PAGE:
The ensemble considered for the averages does not include any spanning clusters (clusters that connect opposing system boundaries). Including such clusters, the average cluster size would tend to infinity for any ppc in the thermodynamic limit. The factors as± and ar± are nonuniversal; that is, they depend on microscopic details like the lattice structure (triangular, hexagonal, square, etc.). The exponent γ (as well as amplitude ratios, such as as+/as), on the other hand, are universal to all percolation systems, depending only on the dimensionality of the lattice. For finite systems at criticality, the distribution of cluster sizes is cut off at an L-dependent characteristic size sξLD, which dominates the average cluster size. The divergences (1) and (2) are then capped because there cannot be an infinite cluster in a finite system.
The size distribution of clusters at the critical point, p = pc, is scale-free:
i1520-0469-66-9-2913-e3
where ns(s) denotes the “cluster number” or probability density of a given cluster having size s. In finite systems, the cluster size distribution is cut off by a scaling function G(s/sξ) with the single argument s/sξ. Clusters larger than the characteristic size sξ are extremely unlikely: ∀n, lims→∞snG(s/sξ) = 0. This expression simply means that none of the moments of the size distribution diverge, which is necessarily true for any finite system. The function G(x) is further required to be infinitely differentiable and to be constant for small arguments: limx→0 G(x) = const. In the thermodynamic limit one thus recovers the pure power-law behavior. As sξ diverges, the argument x = s/sξ approaches zero, and ns(s) = const × sτ. Otherwise, G(x) is a priori quite arbitrary and can take various shapes, depending, for example, on the aspect ratio of the system (Moloney and Pruessner 2003).

The critical exponents γ, ν, and τ are universal to all two-dimensional percolation problems. In practice we observe (from small to large clusters) a distribution that starts out fairly arbitrary, then follows a power law over a range that depends on the system size, and finally decays very fast (e.g., like an exponential). For this reason, the “true” (infinite system) behavior of ns(s) is sometimes difficult to infer from observations. For example, the universal exponent τ can in principle be read off a double-logarithmic plot as the negative slope in the power-law regime. However, the change from the power-law regime to the cutoff regime is often gradual, which can produce a continuously changing slope, making it impossible to ascribe a single value to the exponent. To address these problems systematically, a finite-size scaling analysis would be required, where the system size is changed in a controlled way and the spatial structure of p(x) is known precisely. This, however, is beyond the scope of the present paper.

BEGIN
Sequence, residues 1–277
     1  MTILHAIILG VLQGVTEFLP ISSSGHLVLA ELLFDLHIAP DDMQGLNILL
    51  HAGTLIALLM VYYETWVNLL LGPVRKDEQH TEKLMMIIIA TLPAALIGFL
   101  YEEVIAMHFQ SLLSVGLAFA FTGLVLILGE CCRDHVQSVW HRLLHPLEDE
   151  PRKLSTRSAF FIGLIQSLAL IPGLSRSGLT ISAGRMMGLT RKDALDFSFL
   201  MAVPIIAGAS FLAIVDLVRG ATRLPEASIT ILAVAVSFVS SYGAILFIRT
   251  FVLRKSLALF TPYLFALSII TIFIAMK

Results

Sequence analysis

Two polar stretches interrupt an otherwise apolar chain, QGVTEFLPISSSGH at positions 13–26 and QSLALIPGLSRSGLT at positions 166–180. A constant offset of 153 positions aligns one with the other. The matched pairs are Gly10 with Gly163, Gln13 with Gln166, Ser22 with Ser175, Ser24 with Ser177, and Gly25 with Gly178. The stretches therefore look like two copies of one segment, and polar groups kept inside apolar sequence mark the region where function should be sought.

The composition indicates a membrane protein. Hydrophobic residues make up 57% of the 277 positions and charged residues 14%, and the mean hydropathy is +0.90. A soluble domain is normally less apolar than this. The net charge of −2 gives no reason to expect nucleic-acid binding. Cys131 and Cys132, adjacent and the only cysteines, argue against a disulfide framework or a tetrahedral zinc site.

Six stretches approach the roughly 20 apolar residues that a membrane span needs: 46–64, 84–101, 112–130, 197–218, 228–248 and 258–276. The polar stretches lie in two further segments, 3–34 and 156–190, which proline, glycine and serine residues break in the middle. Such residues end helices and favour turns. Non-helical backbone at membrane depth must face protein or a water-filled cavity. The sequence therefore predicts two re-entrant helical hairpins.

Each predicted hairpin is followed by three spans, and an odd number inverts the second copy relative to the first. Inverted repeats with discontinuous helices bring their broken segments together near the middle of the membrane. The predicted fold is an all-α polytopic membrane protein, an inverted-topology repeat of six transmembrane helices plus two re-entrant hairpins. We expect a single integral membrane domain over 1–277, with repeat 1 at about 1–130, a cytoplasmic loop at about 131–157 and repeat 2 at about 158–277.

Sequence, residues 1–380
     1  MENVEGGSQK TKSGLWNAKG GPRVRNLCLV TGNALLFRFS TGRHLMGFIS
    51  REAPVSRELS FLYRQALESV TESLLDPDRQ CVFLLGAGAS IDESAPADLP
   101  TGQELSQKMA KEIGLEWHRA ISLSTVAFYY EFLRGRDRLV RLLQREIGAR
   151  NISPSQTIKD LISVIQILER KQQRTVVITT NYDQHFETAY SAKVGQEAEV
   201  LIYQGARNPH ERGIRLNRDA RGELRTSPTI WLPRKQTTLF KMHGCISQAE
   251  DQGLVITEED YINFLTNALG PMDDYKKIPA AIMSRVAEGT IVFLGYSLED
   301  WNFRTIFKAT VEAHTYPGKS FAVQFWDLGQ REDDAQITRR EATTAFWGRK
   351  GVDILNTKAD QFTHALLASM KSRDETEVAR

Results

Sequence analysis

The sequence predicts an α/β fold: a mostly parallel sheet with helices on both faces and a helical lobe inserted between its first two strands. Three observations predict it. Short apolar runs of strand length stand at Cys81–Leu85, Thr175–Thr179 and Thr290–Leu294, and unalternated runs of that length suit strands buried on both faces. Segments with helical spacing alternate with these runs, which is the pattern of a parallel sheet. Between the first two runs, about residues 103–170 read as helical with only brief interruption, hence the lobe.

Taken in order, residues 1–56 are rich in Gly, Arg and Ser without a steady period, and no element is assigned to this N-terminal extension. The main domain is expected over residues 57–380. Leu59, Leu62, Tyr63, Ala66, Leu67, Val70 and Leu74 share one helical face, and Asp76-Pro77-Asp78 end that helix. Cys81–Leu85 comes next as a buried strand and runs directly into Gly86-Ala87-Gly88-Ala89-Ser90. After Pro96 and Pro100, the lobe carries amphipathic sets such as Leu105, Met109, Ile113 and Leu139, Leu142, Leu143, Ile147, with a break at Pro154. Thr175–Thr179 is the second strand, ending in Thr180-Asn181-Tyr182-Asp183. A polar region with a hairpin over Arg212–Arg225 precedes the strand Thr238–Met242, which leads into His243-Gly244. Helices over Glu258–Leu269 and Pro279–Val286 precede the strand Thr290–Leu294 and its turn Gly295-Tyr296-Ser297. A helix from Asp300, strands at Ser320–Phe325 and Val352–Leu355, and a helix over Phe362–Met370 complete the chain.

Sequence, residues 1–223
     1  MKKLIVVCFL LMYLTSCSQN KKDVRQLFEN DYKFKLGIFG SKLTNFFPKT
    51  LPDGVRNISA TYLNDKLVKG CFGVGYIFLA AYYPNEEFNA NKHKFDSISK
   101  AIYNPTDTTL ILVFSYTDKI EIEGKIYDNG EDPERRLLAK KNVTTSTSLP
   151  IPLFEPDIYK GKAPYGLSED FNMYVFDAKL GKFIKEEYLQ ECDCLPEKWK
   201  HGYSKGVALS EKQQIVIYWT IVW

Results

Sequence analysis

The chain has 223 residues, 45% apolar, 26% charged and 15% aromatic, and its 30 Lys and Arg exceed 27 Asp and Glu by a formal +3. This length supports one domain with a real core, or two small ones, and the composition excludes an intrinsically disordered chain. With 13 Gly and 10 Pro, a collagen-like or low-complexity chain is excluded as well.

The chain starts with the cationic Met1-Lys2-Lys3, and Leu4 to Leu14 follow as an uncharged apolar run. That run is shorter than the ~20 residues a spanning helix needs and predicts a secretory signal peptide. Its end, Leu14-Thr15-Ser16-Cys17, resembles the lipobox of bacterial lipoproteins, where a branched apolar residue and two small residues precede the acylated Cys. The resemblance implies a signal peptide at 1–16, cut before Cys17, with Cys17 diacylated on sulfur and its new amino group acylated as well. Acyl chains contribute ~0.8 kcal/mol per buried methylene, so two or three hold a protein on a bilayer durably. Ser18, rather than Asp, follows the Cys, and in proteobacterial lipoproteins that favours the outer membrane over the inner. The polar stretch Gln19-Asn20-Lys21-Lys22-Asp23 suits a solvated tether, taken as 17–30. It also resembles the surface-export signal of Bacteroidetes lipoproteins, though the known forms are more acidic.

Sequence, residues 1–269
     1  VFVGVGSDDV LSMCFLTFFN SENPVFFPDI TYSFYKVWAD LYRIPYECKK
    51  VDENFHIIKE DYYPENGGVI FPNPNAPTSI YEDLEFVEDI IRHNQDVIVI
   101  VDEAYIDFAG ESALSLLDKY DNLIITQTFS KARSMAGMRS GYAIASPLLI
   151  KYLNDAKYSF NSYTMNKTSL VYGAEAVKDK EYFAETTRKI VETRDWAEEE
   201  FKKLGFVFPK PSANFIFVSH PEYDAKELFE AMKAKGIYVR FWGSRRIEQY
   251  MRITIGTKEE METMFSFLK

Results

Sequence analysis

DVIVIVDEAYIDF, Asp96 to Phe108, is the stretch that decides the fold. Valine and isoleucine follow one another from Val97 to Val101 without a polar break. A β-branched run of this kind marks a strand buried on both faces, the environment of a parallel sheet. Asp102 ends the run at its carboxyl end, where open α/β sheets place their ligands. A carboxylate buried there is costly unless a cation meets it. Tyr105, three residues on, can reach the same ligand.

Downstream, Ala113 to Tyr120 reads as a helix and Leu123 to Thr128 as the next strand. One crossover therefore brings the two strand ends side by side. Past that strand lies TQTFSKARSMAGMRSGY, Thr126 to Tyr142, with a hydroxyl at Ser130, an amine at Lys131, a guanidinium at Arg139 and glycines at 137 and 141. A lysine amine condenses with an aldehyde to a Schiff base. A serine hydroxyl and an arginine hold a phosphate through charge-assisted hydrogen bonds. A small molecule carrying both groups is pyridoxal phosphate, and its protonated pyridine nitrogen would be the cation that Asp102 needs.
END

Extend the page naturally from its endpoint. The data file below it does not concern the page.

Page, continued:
In studies of clusters in continuous phase transitions (like the percolation transition), the tuning field that controls the phase transition [in percolation p(x)] is usually homogeneous in space. In a field with strong inhomogeneities, such as the environment that controls the emergence of precipitation clusters (or MCSs), we can only expect the most robust homogeneous properties to survive. For example, we mentioned that system-spanning clusters are removed from any averages. Above percolation criticality only small clusters occur in the holes of the infinite (or spanning) cluster. The infinite cluster has a very small density near the phase transition, and many holes exist. In the case of precipitation clusters, however, we expect meteorologically that the interior of a cluster is quite dense. Clusters from the holes of other clusters therefore contribute negligibly to the statistics. Furthermore, although we remove clusters that span the radar swath, spanning criteria that take into account the inhomogeneities have not been developed—for instance, one could remove clusters that span a region of elevated water vapor. The supercritical behavior of Eq. (1) is thus not expected to be reproduced. Approaching the transition from below, the average cluster size will sharply increase, but it is unlikely to decrease above criticality.